The loans are designed to assist a diverse range of farming operations, including small and mid-sized businesses, new farmers, operations supplying local food and farmers markets, non-traditional farm products, and underserved producers.


Agricultural Secretary Tom Vilsack announced the availability of $350 million to help landowners protect and restore key farmlands, grasslands and wetlands across the nation. The funding is provided through the Agricultural Conservation Easement Program (ACEP), created by the 2014 Farm Bill to protect critical water resources and wildlife habitat, and encourage private owners to maintain land for farming and ranching. Through the voluntary sale of an easement, landowners limit future development to protect these key resources.

ACEP’s agricultural land easements not only protect the long-term viability of the nation’s food supply by preventing conversion of productive working lands to non-agricultural uses, they also support environmental quality, wildlife habitat, historic preservation and protection of open spaces. Native American Tribes, state and local governments and non-governmental organizations that have farmland or grassland protection programs are eligible to partner with NRCS to purchase conservation easements.

Wetland reserve easements allow landowners to successfully restore, enhance and protect habitat for wildlife on their lands, reduce damage from flooding, recharge groundwater and provide outdoor recreational and educational opportunities. Eligible landowners can choose to enroll in a permanent or 30-year easement. Tribal landowners also have the option of enrolling in 30-year contracts.

In north central Iowa, ACEP funds have been used to add nearly 400 acres to an existing contiguous 600 acre wetland complex protecting the recently restored public Big Wall Lake. Two land trusts in Colorado plan to use ACEP funds to enroll 1,805 acres to protect critical Sage Grouse habitat in Saguache County and in the Upper Colorado River Corridor Priority Landscape located in Grand County.

In fiscal years 2014 and 2015, NRCS invested more than $600 million in ACEP funding to help landowners engage in voluntary conservation to provide long-term protection of an estimated 250,000 acres of farmland, grassland, and wetlands through more than 750 new easements.

To learn more, visit or your local USDA Service Center.


Agriculture Under Secretary Lisa Mensah is encouraging rural small businesses to apply for loans and grants to support renewable energy and energy efficiency projects.

“Helping rural small businesses save money on energy costs strengthens their bottom line and helps the U.S. become more energy independent,” Mensah said. “It also reduces our country’s carbon footprint, which leads to a cleaner environment and a more secure energy future.”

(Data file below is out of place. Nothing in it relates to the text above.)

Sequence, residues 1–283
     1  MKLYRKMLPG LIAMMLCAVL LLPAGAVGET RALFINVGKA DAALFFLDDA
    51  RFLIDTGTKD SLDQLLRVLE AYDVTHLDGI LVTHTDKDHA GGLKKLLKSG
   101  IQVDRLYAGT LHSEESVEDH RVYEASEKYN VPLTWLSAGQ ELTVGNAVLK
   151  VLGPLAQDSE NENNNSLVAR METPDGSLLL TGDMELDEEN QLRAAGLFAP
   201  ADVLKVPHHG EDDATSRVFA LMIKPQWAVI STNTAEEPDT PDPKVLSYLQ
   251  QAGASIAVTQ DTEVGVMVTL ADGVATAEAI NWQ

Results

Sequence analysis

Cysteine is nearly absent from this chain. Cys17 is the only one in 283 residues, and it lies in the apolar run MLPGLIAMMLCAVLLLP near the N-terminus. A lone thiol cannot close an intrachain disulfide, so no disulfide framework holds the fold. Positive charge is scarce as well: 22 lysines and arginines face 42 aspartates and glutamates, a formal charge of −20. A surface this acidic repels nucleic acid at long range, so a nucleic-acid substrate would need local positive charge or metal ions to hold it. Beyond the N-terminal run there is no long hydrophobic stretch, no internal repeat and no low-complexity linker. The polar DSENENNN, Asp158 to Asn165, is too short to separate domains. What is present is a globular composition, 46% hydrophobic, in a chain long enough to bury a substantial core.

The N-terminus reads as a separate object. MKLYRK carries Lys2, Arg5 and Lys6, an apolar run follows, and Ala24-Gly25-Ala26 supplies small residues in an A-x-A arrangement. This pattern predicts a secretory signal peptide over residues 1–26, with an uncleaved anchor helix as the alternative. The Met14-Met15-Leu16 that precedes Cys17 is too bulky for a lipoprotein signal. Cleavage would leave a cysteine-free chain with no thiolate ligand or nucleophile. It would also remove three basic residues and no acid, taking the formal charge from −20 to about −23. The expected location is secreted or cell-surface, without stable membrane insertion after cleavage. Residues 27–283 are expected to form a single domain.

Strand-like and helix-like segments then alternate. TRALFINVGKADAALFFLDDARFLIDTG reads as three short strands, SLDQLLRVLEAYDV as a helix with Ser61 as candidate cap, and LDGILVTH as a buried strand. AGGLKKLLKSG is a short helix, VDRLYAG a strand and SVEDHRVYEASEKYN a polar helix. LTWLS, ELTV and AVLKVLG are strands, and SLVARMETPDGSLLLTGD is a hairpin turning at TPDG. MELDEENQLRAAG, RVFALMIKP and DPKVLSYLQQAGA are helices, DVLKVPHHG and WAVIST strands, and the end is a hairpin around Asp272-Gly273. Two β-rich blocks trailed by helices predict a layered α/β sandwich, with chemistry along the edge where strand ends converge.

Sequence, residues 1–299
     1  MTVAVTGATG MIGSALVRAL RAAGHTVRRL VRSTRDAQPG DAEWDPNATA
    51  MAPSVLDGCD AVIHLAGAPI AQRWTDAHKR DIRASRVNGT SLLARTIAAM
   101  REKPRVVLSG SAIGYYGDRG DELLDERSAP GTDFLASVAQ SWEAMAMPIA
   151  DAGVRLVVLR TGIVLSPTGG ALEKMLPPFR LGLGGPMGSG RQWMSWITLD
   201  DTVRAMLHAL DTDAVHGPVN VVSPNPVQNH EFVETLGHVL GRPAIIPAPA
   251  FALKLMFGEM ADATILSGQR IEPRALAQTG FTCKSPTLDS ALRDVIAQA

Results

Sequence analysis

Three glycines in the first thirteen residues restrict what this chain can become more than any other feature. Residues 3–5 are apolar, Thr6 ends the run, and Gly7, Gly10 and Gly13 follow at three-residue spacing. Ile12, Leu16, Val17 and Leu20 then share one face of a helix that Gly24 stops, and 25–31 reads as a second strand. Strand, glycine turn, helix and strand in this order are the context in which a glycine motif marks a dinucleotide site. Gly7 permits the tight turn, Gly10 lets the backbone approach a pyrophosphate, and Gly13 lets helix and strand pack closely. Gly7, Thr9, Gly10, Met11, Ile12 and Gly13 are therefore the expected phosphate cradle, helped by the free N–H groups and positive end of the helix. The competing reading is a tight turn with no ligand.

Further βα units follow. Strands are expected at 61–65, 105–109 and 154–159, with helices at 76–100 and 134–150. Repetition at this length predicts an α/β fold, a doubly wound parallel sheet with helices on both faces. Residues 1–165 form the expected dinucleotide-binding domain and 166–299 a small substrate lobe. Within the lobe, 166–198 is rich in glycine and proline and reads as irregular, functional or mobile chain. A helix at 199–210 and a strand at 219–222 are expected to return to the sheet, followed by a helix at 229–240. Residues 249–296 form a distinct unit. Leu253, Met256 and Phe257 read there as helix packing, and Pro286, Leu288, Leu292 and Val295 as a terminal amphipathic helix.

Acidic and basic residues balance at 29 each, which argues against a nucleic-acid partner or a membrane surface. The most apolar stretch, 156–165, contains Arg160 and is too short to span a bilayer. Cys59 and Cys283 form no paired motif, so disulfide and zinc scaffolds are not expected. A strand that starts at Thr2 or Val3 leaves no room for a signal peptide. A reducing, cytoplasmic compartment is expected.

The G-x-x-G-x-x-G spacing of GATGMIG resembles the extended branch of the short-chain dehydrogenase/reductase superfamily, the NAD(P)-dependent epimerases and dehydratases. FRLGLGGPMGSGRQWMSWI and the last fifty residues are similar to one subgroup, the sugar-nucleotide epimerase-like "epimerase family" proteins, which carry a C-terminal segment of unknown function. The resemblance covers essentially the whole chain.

USDA is accepting Rural Energy for America Program (REAP) applications for: 1) loans and grants for renewable energy systems and energy efficiency improvements, and 2) grants for energy audits and renewable energy development assistance.

Eligible agricultural producers and rural small businesses may use REAP funds to purchase and install renewable energy systems and make energy efficiency improvements. Eligible renewable energy systems include energy from wind, solar, renewable biomass (including anaerobic digesters), small hydro-electric, geothermal, or hydrogen derived from these renewable resources. Energy audits and renewable energy development assistance grants are available to state, tribal, or local governments; institutions of higher education; rural electric cooperatives and public power entities. The REAP grants can pay up to 25% of the total project cost.

REAP applications are accepted continuously, and the next funding deadline for grants of $20,000 and less is Nov. 2, 2015. To learn more visit the USDA website at or contact Mark Williams, Energy Coordinator for USDA Rural Development Nevada at (775) 887-1222, Ext. 116.

USDA, through its Rural Development mission area, has an active portfolio of more than $210 billion in loans and loan guarantees. These programs are designed to improve the economic stability of rural communities, businesses, residents, farmers and ranchers and improve the quality of life in rural America.


Do you have youth ages 5 and up who are looking to get involved? Do they want to learn leadership skills, have a opportunity to make a difference, serve the community and become role models?

A new Grange is starting in Fallon and would like you to join the team. For information email

The focus initially will be to provide opportunities for children and young adults of Churchill County to engage in community activities. The members of the newly started Grange are going to start both a Junior and a Youth program to provide different enrichment activities and teaching community activities to the youth in our community.

“We want to give the young kids in the area something fun to do and show them how they can work together to make their community better by giving back,” said Gloria Montero. “We want to teach them about farming, livestock, and community service.

We want to instill pride in their accomplishments by letting them present their talents at any or all local fairs and events. The future of this country is our children, so they should always be our priority.”

The Grange is a nonprofit, nonpartisan, fraternal organization with more than 80,000 members across the United States. More than than 2,100 Granges contribute millions of volunteer hours and hundreds of thousands of dollars to our hometowns each year.